The Graduate Musical Theatre Writing Program curriculum is designed in a non-traditional format with a major emphasis on collaboration. This involves both team teaching by the core faculty and extensive writing collaborations among the students. At the heart of the program are the writing labs, which are supported by ongoing seminars in all of the key aspects of musical theatre history and world theatre, with a special focus on American musical theatre in the twentieth century.
Most class time is devoted to these labs, led by the core faculty with special sections taught by master teachers and guest artists. The labs focus heavily on craft; collaboration and communication between artists of different disciplines; storytelling in music, lyrics, and book; and meaningful content. In the first year, students are divided into frequently rotating teams consisting of a composer and a bookwriter/lyricist. Together they conceive, write, and present writing projects for peers and teachers.
Concurrently, in ongoing seminars students learn how creators of theatre and music theatre in the twentieth century and throughout history have treated the same musical-dramatic issues they are grappling with in the writing labs.
During the course of the program, students learn both how to give constructive criticism and how to incorporate feedback that is useful both to them as individuals and to their collaborative teams in the rewriting of their work. Principles of constructive criticism are discussed from the outset and used after each presentation in discussions by fellow students, core faculty, and master teachers.
Besides the opportunity to see and hear what they have written, the collaborative teams experience firsthand the continuous rewriting process that takes place during the rehearsal of a work-in-progress.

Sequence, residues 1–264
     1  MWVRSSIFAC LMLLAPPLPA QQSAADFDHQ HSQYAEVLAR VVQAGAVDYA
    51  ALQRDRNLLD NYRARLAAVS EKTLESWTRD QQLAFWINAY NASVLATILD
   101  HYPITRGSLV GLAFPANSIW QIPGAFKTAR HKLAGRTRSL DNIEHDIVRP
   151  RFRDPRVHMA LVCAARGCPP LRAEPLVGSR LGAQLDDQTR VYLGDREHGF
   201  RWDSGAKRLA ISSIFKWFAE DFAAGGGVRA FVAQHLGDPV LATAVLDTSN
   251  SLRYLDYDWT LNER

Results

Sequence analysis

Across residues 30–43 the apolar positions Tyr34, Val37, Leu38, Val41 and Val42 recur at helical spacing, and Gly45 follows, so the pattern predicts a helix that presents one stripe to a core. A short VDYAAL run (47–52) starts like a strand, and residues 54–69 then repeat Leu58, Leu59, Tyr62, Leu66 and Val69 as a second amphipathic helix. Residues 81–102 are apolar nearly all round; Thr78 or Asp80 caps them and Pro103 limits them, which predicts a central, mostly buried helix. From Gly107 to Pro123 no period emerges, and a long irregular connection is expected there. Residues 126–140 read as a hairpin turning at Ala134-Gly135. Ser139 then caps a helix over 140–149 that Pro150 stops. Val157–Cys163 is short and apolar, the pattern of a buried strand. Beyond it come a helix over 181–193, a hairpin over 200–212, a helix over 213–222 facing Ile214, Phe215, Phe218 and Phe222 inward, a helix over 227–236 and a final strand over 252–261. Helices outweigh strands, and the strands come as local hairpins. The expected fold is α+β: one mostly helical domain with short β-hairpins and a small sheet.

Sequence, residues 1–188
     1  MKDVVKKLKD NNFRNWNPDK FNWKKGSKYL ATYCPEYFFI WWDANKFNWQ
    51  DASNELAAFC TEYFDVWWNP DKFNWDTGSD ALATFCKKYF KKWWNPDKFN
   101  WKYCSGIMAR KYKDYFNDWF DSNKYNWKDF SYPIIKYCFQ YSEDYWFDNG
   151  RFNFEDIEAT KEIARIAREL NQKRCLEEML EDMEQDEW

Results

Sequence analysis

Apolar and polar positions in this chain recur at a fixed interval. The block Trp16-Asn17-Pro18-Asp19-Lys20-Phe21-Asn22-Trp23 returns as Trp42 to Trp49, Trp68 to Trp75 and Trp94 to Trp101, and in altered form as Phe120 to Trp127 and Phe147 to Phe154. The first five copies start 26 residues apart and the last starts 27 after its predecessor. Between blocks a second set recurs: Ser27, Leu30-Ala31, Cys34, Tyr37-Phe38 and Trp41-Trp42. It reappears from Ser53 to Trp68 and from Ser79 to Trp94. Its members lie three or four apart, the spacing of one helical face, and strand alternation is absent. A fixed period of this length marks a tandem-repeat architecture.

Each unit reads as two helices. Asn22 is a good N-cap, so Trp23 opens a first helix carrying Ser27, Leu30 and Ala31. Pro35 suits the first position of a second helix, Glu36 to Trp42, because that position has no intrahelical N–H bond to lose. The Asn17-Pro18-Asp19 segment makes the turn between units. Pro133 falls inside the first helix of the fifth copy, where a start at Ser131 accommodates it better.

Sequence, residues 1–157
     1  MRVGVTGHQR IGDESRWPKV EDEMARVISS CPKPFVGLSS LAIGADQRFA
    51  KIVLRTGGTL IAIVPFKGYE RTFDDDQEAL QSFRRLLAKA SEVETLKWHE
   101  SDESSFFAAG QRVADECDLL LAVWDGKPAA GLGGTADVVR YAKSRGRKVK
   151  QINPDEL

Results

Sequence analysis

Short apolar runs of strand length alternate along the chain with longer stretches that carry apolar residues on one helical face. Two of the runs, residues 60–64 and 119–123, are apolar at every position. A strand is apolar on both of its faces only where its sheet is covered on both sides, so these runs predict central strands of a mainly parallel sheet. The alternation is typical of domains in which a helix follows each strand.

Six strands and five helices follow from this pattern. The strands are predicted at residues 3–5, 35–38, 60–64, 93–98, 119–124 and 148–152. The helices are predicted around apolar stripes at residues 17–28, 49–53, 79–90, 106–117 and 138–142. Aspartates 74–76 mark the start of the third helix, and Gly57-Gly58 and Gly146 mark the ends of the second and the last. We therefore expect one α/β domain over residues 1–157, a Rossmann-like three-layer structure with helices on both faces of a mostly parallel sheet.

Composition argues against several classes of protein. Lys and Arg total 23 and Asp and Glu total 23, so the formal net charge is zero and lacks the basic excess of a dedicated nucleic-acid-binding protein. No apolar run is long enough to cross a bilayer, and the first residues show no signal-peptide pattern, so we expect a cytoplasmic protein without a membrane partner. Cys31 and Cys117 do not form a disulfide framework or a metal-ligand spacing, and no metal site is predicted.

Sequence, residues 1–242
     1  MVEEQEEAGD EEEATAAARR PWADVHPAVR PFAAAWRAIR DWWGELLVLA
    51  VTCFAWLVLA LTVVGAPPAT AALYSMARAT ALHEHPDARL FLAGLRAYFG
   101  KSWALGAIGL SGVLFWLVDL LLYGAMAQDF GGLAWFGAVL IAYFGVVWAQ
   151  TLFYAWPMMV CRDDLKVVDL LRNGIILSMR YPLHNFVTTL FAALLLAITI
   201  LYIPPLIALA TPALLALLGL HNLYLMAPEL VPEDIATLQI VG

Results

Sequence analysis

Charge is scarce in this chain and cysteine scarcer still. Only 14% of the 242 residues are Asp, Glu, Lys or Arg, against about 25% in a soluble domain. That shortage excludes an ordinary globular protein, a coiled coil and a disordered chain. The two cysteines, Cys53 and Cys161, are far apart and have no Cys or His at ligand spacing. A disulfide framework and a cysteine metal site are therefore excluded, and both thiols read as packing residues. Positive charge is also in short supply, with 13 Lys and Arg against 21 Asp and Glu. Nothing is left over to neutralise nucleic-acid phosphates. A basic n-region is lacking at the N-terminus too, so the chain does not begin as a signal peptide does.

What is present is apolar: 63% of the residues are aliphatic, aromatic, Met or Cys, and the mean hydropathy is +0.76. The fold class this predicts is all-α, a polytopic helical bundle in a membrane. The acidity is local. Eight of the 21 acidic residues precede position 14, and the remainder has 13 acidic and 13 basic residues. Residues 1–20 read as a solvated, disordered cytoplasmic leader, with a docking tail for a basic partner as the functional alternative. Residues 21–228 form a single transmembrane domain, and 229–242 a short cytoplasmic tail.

Because musical theatre is by definition a highly collaborative art form, the role of directors and actors is key to the creation and revision processes. Throughout the two years, students are continuously exposed to the performance process. All major writing assignments are performed in class by the students themselves, as well as by students in Undergraduate Drama programs at Tisch. Before the thesis musicals, selected shorter projects from earlier phases are rehearsed, performed, revised, and re-performed by actors so students can develop the skills necessary to determine how well their dramatic intentions are being communicated to an audience.
The Graduate Musical Theatre Writing Program is coordinated with theatrical life in New York. Taking advantage of the great diversity of the arts in New York, students attend operas, musicals, and plays of all kinds, plus music and dance concerts - in rehearsal, preview, and after the opening. These performances are discussed afterward in relation to classroom themes.